Spanish nudists have been banned from a popular tourist beach near Cadiz after the country's supreme court ruled against them. The decision marks the culmination of a seven-year legal battle.
The case was decided after the Spanish Naturist Federation (FEN) appealed against a law put in place by the local government which prohibited nudity on beaches in the historic port city in south-west Spain. FEN had attempted to make the case that naturism was a "fundamental right to freedom of ideology", a category protected by Spain's constitution. They also said that the authorities were rolling back the "social progress" made by the country in recent years.
Spain's highest court did not share this view, and ruled on Friday that Cadiz's local authorities were allowed to "manage properly the use of its services, equipment, infrastructure, facilities and public spaces". It also said that FEN had failed to argue that nudism was "at this moment, an accepted practice by the majority of beachgoers".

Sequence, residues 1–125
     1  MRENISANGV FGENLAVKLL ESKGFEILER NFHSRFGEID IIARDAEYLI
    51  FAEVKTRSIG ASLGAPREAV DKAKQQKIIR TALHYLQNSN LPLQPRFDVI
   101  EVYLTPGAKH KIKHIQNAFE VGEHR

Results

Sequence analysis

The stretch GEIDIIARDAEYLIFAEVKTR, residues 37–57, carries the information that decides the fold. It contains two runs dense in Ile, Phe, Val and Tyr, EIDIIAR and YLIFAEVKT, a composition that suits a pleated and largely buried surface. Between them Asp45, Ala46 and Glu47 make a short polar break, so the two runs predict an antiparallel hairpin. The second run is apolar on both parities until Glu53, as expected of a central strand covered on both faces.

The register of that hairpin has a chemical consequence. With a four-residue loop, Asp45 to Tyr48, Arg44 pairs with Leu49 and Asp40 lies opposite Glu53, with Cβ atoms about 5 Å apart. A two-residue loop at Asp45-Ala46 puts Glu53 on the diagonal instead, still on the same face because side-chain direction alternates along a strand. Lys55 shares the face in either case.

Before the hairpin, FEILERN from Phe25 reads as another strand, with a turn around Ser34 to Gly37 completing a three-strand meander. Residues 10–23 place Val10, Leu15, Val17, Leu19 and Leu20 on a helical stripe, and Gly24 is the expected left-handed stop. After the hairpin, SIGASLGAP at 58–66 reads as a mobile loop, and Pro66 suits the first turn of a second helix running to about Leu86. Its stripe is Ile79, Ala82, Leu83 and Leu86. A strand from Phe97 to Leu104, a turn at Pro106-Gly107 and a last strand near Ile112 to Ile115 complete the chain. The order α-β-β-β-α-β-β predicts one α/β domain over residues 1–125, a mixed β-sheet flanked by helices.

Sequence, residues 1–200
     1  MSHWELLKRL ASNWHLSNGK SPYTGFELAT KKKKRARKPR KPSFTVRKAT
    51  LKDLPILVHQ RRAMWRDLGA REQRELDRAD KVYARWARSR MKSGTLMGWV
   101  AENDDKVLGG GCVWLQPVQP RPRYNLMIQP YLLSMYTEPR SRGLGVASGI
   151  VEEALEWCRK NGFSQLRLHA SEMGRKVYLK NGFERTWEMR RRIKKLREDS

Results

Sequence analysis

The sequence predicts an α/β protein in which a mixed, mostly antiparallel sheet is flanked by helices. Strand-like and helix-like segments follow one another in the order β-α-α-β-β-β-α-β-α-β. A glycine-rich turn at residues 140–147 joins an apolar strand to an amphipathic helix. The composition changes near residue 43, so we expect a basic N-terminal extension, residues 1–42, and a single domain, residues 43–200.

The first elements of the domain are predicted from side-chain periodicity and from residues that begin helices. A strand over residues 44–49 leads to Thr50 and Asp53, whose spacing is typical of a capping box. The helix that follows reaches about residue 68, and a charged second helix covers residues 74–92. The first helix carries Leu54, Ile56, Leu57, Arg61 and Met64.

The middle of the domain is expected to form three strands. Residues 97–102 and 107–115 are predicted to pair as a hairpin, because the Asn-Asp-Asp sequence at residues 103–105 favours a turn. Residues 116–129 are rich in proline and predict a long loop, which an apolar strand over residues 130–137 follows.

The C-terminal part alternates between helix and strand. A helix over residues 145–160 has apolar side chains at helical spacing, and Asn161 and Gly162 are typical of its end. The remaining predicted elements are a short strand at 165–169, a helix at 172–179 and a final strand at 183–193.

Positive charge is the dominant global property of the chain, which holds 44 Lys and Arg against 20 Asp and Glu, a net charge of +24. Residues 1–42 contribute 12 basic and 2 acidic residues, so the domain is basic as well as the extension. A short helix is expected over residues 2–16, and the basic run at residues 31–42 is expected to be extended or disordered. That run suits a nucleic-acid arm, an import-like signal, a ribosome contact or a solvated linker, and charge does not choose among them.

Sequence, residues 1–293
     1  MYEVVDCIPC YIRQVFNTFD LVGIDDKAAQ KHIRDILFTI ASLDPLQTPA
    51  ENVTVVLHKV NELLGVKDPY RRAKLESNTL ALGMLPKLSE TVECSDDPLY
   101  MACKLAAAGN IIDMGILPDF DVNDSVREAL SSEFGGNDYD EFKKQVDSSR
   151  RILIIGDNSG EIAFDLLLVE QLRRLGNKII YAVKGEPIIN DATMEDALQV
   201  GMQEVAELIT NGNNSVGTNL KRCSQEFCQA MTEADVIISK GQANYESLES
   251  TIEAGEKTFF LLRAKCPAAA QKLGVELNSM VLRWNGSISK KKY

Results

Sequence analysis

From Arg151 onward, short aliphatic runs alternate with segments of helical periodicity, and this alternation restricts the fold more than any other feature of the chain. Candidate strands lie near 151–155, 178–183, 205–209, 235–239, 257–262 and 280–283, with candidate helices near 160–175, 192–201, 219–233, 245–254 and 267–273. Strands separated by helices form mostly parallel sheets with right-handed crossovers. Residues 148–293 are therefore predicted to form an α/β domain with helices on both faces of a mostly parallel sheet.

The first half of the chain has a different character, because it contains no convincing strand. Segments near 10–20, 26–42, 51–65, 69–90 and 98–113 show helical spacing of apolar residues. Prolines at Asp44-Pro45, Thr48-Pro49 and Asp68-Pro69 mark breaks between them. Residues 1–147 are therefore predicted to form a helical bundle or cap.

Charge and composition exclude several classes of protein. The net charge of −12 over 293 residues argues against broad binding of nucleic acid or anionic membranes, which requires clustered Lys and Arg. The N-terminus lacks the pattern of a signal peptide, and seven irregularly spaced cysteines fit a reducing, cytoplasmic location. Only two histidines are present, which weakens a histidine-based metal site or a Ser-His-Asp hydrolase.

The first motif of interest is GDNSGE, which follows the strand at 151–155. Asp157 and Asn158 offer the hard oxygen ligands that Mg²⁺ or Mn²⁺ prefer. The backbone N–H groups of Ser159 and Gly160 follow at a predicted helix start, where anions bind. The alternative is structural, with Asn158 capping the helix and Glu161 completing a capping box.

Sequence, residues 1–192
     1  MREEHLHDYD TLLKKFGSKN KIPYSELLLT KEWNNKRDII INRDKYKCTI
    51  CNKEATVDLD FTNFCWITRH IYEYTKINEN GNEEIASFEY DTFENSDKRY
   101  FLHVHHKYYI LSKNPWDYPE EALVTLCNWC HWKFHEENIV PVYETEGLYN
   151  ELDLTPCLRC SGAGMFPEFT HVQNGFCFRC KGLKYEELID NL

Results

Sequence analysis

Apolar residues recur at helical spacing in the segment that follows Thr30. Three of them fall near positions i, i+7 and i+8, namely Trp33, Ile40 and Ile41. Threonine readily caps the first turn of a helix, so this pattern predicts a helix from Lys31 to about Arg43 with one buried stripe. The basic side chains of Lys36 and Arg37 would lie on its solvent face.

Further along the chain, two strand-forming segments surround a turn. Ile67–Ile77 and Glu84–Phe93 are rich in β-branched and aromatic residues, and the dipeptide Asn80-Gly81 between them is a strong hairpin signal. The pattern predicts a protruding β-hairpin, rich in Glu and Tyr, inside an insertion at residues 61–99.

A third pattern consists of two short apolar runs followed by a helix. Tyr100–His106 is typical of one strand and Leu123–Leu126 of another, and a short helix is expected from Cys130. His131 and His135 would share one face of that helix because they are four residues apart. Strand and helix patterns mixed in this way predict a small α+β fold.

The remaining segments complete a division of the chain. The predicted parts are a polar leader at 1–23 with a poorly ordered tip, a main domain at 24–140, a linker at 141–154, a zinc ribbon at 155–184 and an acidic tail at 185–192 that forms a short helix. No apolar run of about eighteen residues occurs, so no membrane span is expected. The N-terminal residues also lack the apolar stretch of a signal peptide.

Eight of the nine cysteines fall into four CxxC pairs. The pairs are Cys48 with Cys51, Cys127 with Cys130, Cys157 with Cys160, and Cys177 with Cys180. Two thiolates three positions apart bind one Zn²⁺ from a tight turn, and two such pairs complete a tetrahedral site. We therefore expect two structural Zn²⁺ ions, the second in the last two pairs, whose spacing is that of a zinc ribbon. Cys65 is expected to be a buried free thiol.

The ruling only applies to beaches within the city's limits, where anyone found in the altogether will be fined €750 (£580) . Those residents of Cadiz who remain absolutely determined to visit the seaside in the buff are still allowed to use one beach which falls outside the city government's jurisdiction.
Nudity is common on Spanish beaches and is usually tolerated by the authorities. The country's permissive beach culture dates back to the invention of the bikini in the 1950s, when the governor of Benidorm personally petitioned the dictator General Franco to have him intervene to prevent the police from pestering and fining women for wearing swimming costumes.
Cadiz owes its rich history to Christopher Columbus, who opened it up as the port which brought the wealth from the New World into Spain. The American gold and silver which flowed through it funded its architectural beauty.